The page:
When Willie B. died of heart failure in 2000 at the age of 42, a piece of Atlanta died.
The 400-hundred pound, 6-foot-tall silverback gorilla, lived through many pivotal events in Atlanta’s history—From the Civil Rights Movement and funeral of Martin Luther King, Jr., to the establishment of the Atlanta Pride Festival, the Atlanta Child Murders, Freaknik, and the 1996 Centennial Olympic Games.
And like a faithful friend, Willie B. was a symbol of consistency and a source of comfort, who saw the city through the highs, lows, and growing pains it had to endure to become the international city it is today.
Yes, Willie B. was a gorilla at Zoo Atlanta, but he was much more to those who grew up in Atlanta. He was an Atlanta legend.
Willie B. got his name from Atlanta Mayor William Berry Hartsfield. He was born in 1958 in Africa’s western lowlands. In 1960, he was captured by an animal dealer in Kansas City and brought to Grant Park Zoo in 1961 to replace another gorilla named Willie B. at the urging of Mayor Hartsfield.
Willie B. became a popular attraction at the zoo, and a favorite of Mayor Hartsfield who even nominated the gorilla for Congress.
Despite his popularity, Willie B. lived a depressing, solitary life in a tiled cage at the zoo. For nearly 30 years, his only companions were a television, which was famously stolen just before the 1979 NFL playoffs, a tire swing, and a caretaker. He never interacted with other gorillas or set foot outside his cage.
In 1984, after the highly publicized deaths of several exotic animals, Grant Park Zoo lost its accreditation and went into crisis mode after Parade Magazine named it one of the worst zoos in the country. The public shaming led many Atlantans to call for reforms at the zoo or for it to shut down. In response, Mayor Andrew Young assembled a task force to set the zoo on the right track.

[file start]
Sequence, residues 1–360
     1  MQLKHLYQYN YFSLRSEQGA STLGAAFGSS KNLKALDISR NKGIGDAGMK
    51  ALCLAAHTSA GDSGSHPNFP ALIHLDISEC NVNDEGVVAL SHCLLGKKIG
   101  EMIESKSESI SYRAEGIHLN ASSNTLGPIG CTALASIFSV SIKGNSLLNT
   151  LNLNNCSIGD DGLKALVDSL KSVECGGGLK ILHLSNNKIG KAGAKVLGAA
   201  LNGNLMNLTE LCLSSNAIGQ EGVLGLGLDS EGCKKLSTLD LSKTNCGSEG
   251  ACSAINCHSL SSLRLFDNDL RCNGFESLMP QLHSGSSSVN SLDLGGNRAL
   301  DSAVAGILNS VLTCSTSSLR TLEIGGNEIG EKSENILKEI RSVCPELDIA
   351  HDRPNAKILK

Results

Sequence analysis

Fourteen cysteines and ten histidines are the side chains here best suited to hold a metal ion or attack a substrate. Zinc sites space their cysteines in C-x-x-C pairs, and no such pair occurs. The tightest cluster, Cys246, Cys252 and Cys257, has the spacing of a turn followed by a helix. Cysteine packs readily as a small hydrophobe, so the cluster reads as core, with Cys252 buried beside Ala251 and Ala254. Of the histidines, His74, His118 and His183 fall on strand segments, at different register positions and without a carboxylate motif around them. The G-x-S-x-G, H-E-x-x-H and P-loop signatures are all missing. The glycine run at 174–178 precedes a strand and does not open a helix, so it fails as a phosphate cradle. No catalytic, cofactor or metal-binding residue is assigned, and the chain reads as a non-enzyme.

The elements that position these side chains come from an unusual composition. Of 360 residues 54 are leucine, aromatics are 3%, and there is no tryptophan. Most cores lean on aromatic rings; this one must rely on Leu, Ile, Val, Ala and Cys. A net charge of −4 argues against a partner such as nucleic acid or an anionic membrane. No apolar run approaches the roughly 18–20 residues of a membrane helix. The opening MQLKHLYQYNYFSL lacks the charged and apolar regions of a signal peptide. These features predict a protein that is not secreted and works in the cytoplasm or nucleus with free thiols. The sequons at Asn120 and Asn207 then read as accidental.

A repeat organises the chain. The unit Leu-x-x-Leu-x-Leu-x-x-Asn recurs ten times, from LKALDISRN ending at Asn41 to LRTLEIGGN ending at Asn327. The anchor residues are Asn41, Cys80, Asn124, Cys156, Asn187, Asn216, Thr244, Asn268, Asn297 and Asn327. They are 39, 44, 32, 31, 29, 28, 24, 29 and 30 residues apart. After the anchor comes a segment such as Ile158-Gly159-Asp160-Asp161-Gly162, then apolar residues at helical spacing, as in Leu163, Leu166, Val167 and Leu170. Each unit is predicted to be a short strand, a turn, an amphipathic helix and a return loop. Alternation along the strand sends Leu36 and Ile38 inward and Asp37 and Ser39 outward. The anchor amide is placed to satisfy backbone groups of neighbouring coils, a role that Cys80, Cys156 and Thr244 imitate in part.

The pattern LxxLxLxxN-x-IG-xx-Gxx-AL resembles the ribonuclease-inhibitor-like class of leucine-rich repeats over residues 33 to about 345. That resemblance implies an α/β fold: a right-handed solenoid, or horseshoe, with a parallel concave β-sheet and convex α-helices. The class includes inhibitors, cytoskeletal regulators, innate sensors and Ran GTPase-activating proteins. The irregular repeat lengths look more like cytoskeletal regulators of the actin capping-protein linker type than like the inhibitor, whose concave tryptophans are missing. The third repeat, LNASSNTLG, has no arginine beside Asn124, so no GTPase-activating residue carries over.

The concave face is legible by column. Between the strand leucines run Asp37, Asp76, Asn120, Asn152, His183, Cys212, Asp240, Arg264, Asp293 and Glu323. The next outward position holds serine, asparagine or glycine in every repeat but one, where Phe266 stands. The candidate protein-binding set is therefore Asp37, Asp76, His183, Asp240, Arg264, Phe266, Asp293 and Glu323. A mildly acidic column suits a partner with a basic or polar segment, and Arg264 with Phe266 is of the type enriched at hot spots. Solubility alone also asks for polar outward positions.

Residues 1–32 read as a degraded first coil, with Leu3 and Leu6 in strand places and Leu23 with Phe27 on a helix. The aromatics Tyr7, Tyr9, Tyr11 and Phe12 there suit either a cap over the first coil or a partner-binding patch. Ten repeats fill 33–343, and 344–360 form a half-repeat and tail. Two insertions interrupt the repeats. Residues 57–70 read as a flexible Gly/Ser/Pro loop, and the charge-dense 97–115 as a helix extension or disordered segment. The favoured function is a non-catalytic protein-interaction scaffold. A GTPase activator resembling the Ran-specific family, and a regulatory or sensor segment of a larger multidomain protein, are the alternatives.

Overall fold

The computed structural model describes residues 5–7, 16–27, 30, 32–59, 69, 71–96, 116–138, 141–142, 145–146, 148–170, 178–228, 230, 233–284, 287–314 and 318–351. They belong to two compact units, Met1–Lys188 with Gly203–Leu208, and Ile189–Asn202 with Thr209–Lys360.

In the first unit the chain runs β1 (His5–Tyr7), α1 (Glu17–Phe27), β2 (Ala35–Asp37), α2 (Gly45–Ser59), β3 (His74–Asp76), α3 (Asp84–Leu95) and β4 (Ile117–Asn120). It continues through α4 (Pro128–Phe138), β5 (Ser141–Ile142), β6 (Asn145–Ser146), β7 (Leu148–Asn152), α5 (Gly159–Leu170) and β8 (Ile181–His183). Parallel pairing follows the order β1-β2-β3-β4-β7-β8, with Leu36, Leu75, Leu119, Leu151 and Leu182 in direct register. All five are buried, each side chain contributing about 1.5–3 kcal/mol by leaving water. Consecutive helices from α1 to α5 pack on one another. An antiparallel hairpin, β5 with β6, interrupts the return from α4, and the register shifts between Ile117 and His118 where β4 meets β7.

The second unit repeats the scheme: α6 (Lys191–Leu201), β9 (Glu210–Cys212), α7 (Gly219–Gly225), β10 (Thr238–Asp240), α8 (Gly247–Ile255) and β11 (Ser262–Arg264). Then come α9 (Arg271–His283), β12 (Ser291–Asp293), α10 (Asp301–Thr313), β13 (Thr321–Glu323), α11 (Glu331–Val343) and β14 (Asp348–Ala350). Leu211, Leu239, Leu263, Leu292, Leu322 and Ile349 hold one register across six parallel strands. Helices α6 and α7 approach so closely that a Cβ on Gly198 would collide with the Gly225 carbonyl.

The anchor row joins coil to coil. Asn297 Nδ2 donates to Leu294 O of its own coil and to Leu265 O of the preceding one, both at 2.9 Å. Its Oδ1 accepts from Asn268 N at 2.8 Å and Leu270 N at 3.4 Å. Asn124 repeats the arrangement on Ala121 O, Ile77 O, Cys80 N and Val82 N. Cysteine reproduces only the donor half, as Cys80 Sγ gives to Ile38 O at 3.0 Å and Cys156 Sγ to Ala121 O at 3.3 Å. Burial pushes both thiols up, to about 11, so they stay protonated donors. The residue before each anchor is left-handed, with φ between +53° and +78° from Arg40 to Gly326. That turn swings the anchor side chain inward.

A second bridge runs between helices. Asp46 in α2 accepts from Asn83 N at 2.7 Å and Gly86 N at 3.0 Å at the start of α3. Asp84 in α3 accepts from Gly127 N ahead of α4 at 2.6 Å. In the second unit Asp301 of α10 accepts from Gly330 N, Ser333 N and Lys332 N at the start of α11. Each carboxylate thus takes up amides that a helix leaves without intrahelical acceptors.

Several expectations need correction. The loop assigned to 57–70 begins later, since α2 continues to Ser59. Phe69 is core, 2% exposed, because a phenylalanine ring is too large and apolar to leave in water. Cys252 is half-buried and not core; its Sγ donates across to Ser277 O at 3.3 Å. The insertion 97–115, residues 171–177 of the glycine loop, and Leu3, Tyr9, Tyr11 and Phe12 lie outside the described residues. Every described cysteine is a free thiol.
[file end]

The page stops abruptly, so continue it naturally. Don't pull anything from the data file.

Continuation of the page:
The old zoo director, Steve Dobbs, was ousted, and Young tapped conservational biologist Terry Maple, then a professor at Georgia Institute of Technology, to turn things around.
“The zoo was depressing and an embarrassment to the city,” Maple said. “No one with any sense would have taken the job as director, but I did. I felt it was my duty after then-Mayor Andrew Young asked me to take the job.”
In 1985, Grant Park Zoo officially became Zoo Atlanta, a private, non-profit entity under the auspices of the Atlanta-Fulton County Zoo, Inc. With funds from the city, community, and corporate donors, Maple was able to revamp the zoo.
One of the chief features of the renovated zoo was the Ford African Rain Forest, a gorilla habitat that more closely mimicked natural jungle conditions. This habitat would become Willie B.’s new home.
On May 13, 1988, about 25,000 people came out to see Willie B. take his first steps outside in nearly three decades.
At first, Maple and the zoo staff were not sure how Willie B. would acclimatize to life outside around other gorillas.
“I had hope for him,” Maple said. “I was afraid the girls would beat him up, but they liked him a lot.”
Willie B. spent the rest of his days in the Ford African Rain Forest, where he eventually settled down with a female Gorilla named Choomba. Choomba would go on to bear Willie B.’s five offspring, Kudzoo, Olympia, Sukari, Lulu, and Kidogo (also known as Willie B. Jr.).
In January 2000, Willie B. caught the flu, then pneumonia. Those maladies caused stress on his heart and led to his death. When he died, “He was surrounded by his gorilla family and the zookeepers who were caring for him,” Gail Eaton, a Zoo Atlanta spokesperson, said.
More than 5,000 people attended Willie B.’s memorial ceremony. He was cremated. Eighty percent of his remains are inside a life-size bronze statue bearing his image outside the gorilla habitat. The other 20% of his remains were dispersed in the jungle in Africa, where he was born.
Maple said Willie B’s death was like “losing one of your closest friends. This was a magnificent animal, a great ambassador for the city, a great father. This will always be his zoo. He built it.”